The chinos were almost ready for harvest, the busiest time for Kenhre and her family. She just entered her sitting room after a long bath. I love working in the fields, but it is nice to wash it all away at the end of the day, she thought looking out the window over her ancestral estate. The dwindling family farmlands of the western districts of Defom Prefecture, some of which made her family fortune, are rapidly becoming a thing of the past. Her chinos and other fruits and vegetables are highly sought after throughout Defom’s farming districts and recently even beyond. She prided herself on producing low yield, high quality produce. She admitted it was not what the bursting metropolis demanded; there were the Garden Towers for cheap mass-produced food, where there was a lot more money to be made. But she knew there would always be enough demand for quality.
Kenhre had been running her produce farms on her own ever since her husband died 4 years ago. Thankfully, she and her husband had a good business sense and built her family’s small chinos business into a major supplier of “landed produce” with large landholdings throughout central Velnis district. Because of this and her connectedness to the land and people of the farming districts, she has become an influential player in local affairs. Over the years she has become affectionately known as the Widow of Velnis.
Despite her wealth and increasing age, she still personally worked in the fields, gaining great respect from her workers and the regular farming folk in the still relatively “rural” western districts of Defom. The Defom’s prefectural government has even taken notice lately, but not exactly in the same way as her fellow farmers.
“What does he want now?” Kenhre asked after being notified by her eldest son that Nison Hori, the prefectural agricultural councilor, has stopped by for another ‘visit’. Unlike his mother, Kinse did not work in the fields and she never liked the way his hands remained so soft and ‘privileged’.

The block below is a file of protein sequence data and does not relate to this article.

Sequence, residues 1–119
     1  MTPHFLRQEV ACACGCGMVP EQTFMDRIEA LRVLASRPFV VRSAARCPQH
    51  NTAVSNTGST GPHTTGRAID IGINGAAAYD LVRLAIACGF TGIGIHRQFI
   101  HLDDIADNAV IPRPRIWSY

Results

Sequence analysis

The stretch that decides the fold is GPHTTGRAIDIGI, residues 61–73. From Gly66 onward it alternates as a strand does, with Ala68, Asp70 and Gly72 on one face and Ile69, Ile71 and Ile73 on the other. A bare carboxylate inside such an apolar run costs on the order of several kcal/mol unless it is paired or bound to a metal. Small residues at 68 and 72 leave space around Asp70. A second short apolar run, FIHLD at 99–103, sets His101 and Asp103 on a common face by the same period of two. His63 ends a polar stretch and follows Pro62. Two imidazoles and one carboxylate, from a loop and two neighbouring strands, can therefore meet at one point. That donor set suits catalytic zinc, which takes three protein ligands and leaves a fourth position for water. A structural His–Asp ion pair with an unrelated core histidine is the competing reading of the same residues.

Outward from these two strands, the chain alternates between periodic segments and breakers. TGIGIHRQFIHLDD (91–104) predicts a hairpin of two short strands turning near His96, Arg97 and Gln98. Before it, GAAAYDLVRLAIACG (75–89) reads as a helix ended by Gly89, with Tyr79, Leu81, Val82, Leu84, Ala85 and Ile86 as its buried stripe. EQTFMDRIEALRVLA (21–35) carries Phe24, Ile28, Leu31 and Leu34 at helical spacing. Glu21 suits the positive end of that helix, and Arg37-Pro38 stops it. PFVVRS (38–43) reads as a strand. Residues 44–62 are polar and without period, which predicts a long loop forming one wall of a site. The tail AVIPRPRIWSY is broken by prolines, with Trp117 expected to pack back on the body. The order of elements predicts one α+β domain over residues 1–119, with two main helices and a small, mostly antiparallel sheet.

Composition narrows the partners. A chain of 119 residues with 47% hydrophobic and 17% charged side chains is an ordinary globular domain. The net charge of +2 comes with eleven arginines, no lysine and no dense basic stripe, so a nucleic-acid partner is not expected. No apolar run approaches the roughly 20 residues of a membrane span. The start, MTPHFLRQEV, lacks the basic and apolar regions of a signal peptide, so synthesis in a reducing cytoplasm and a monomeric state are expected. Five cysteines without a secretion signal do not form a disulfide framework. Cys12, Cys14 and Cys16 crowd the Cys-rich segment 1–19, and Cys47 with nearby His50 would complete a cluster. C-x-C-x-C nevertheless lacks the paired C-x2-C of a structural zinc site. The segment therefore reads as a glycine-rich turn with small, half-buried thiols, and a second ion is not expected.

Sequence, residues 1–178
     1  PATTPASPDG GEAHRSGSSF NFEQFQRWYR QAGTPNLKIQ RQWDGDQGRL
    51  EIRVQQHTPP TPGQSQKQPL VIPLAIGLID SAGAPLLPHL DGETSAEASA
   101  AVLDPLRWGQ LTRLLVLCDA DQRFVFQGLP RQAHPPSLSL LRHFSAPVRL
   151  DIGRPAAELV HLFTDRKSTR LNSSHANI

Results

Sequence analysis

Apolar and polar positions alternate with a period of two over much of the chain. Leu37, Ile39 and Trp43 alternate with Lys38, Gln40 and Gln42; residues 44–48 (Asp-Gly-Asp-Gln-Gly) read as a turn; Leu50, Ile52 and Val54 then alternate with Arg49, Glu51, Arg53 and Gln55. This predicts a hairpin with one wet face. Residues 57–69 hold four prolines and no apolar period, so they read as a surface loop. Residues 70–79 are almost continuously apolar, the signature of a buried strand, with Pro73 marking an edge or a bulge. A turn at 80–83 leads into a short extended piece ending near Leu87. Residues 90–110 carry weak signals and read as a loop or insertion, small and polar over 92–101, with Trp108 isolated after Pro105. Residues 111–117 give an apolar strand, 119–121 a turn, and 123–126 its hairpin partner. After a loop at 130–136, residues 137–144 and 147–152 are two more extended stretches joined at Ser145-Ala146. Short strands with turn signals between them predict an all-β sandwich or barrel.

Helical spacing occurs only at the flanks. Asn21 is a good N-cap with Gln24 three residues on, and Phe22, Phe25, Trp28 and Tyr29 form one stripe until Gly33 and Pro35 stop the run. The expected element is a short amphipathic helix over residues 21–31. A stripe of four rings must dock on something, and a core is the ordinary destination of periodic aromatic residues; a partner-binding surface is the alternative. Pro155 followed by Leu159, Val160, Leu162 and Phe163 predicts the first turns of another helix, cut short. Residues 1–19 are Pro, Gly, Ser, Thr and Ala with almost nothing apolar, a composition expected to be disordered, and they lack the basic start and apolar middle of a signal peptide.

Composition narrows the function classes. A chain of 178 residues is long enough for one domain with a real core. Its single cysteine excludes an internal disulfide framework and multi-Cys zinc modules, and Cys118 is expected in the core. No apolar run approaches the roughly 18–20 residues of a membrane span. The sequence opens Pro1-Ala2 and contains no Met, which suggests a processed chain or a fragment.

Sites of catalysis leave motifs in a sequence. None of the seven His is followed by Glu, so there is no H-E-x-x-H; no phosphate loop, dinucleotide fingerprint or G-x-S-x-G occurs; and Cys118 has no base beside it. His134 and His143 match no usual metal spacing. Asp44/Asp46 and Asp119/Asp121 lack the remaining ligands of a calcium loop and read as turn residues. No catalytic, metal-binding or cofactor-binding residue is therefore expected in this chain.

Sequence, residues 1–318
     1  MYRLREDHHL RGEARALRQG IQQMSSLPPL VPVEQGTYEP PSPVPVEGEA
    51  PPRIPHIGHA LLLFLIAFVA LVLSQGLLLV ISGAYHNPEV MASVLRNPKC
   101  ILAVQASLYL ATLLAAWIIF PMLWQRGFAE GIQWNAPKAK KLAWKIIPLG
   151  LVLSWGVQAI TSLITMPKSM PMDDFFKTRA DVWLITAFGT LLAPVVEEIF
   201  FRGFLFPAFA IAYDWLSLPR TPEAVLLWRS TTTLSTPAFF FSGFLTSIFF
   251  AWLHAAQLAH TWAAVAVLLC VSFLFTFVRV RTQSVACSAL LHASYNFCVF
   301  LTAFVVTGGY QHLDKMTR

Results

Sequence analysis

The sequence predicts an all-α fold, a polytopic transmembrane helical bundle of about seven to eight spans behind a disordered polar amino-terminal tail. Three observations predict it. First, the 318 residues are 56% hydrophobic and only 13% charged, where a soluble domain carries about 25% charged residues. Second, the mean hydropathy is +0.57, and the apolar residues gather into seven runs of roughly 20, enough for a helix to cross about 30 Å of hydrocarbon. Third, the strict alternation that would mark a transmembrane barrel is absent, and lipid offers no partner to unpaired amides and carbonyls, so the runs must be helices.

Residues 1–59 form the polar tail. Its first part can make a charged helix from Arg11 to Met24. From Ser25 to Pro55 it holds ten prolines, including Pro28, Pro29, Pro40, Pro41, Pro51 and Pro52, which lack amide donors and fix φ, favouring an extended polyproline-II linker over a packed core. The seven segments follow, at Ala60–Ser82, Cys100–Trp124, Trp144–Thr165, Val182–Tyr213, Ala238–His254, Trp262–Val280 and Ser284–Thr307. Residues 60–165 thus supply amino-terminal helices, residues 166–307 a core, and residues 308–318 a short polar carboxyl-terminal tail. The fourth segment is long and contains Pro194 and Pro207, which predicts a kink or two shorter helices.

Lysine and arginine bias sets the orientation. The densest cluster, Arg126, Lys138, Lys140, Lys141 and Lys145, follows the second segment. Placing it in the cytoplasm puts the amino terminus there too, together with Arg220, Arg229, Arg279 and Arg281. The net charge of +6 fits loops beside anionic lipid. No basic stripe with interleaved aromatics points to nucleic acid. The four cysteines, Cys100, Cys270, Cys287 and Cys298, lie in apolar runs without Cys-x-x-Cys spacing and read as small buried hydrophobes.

“Probably the same as what he wanted the last three other times,” Kinse said.
“I’m not going to move my farms into those horrendous ‘Garden Towers’ blighting the city skyline,” Kenhre said, “no matter how much money the government offers me.”
“I’m not sure we can compete with the cheaper produce grown in those towers anymore, mother,” Kinse said with a noticeable apprehension in saying such a thing in front of her. Widow of Velnis, along with her notoriety as being a hero of the common folk, was an opinionated woman who made anyone going against her beliefs or wishes think twice about verbalizing them.
“I don’t care how much those ‘factories’ produce, the quality is barely edible. I will not leave the lands my family and your father and I have worked so hard to make productive.” Her face was reddening; a warning to Kinse to change the trajectory of the conversation.
“Maybe he has heard that you are trying to organize the landed farmers in the district and further a field,” Kinse said.
“Probably. I have made no secret of it.” She finally sat down fussing over her black-scarlet dress, exuding confidence in the nonchalant gesture. “Pretty soon our Union will be a strong enough united front that the Hud Ker herself will have no choice but to listen to us.”
“But mother,” pleaded Kinse, “There is no stopping the city’s growth. Land is becoming extremely rare. The prefecture will have the entire Confederation behind them sooner or later.” Sweat was streaming down his cheeks. “I don't think a band of farmers on the periphery of the Confederation will be much threat to the power elite in Karkasum Bigaj.”
“Son,” Kenhre stayed poised and calm, combing her knee-length hair with her calloused fingers. “You are giving me serious second thoughts about leaving all this, “ she pointed those work-hardened hands around the grand sitting room and out towards the windows, “to you after I retire or die.”
“It is more than just the chonis and the value of the land. It’s our culture, our way of life. You should take pride in being a member of one of the last landed farming families in the metropolis; and most of us are located in just a handful of districts here in Defom. They must be preserved.”
Kinse noticed his mother’s hands tensing up, gathering material inside their palms. He hated when she went on one of her tirades.
“The Hud Ker should also take pride in having such an important cultural heritage within her prefecture’s borders. I’m sure I can get the farmers up in Kiradyn and down in Osaiv and Birnivet into the Union. We may even get recognition as a Neo-culture. That will automatically preserve our lands.”
Mother, I am just being realistic. The Confederation is never going to recognize us rural farmers as a Neo-culture. Our lands are just too valuable. Plus, they have dramatically slowed down the institution of additional New-cultures.” Kinse started pacing back and forth, also clenching his hands.
“We don’t have time to get into this now. Show Hori in now please.” She remained sitting smoothing out her dress and folding her hands at the center of her lap ready to receive her guest.
Kinse re-entered with the visitors. “Mother, you know Hori.” Kenhre nodded in acknowledgement and looked to Hori’s left to his companion, her eyes betraying her false calm. A tall blonde woman around the same age as herself.
“And this you may also know, Her Excellency Hud Ker Keri Nilex Fim.”